Tuesday 24 October 2017

REO loses control of Battersea Power Station


Emmet Oliver Deputy Business Editor

REAL Estate Opportunities (REO), which is linked to developers Johnny Ronan and Richard Barrett, was dealt a devastating blow yesterday as it lost control of the iconic Battersea Power Station project which it bought at the height of the property boom.

The decision to take the project from REO leaves NAMA with huge influence over the Battersea area along the River Thames, as fellow Irish developer and NAMA debtor Sean Mulryan is developing the nearby Nine Elms site.

In addition, it is understood a deal between REO and NAMA covering other debts is not close to agreement and further talks will be needed before NAMA signs off on any final debt plan.

Lloyds Banking Group and NAMA went to the High Court in London yesterday to wrest control of the site from REO, which owned 54pc of the company controlling the site.


Treasury Holdings is the majority shareholder of REO and was also the "development manager'' of the power station site, for which it was paid a fee. It is not clear if the Treasury contract will continue under the new arrangements.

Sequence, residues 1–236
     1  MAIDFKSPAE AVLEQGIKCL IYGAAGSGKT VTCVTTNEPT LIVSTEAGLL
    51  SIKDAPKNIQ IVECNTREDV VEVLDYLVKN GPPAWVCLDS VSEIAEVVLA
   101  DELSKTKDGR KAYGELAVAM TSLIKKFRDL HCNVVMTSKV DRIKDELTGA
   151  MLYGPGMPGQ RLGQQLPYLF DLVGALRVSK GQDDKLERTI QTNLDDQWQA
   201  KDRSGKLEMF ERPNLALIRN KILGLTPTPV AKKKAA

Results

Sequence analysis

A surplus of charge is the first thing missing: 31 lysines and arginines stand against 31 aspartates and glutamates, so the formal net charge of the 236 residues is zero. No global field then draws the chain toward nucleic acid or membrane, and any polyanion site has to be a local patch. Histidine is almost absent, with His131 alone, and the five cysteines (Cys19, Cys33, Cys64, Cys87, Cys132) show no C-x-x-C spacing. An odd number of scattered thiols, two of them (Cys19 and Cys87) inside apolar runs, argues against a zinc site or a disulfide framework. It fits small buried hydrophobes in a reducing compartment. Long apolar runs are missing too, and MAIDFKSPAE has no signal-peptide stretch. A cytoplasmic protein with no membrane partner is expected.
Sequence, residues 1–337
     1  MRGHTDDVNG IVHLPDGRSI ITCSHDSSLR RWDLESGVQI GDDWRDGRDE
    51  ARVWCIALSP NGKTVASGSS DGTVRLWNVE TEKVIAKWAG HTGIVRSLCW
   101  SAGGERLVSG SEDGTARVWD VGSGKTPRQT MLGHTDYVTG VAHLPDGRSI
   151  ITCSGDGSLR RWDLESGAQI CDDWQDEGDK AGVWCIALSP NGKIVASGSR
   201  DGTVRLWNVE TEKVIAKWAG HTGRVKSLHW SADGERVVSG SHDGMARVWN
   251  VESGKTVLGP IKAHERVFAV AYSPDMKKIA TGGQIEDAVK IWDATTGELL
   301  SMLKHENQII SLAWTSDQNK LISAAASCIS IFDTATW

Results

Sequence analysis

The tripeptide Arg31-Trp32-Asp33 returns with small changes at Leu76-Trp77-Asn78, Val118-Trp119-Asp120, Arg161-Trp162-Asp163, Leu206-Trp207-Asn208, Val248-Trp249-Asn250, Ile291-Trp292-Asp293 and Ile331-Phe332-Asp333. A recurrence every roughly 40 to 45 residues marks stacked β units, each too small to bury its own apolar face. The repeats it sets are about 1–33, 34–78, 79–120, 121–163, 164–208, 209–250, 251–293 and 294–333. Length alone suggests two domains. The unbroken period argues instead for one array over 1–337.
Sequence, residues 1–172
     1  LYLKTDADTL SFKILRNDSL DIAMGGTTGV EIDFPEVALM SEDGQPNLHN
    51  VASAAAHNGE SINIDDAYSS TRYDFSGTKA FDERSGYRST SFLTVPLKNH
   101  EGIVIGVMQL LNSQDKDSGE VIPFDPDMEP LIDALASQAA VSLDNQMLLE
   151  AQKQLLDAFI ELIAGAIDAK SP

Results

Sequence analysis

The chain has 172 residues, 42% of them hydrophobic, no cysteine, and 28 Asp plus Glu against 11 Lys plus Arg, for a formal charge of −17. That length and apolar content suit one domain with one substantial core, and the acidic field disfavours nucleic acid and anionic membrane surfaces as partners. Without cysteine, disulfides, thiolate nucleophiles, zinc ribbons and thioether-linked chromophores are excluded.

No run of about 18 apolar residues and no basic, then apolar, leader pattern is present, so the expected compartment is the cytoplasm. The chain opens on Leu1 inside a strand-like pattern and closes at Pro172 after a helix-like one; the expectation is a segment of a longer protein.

Ironically as REO lost control of the project, Mr Mulryan was meeting the deputy lord mayor of London, Edward Lister, in an attempt to advance the Nine Elms site.

A key retail tenant, Waitrose, has expressed an interest in becoming part of the development.

NAMA for its part said it was a "difficult decision'' to apply for administration (the UK equivalent of receivership) but it hoped the step would progress the sale of the site.

Roman Abramovich, owner of Chelsea Football Club, is among the potential buyers.

Ernst & Young will try and sell the site on behalf of NAMA and Lloyds. The site stopped producing electricity from coal in 1983 and several other developers have tried to develop the site since the 1980s.

However NAMA and Lloyds had demanded repayment of £324m (€383m) of debt on the site, triggering yesterday's court hearing.

REO had been trying frantically over recent days to pull off a last-minute deal for the site without success.

Irish Independent

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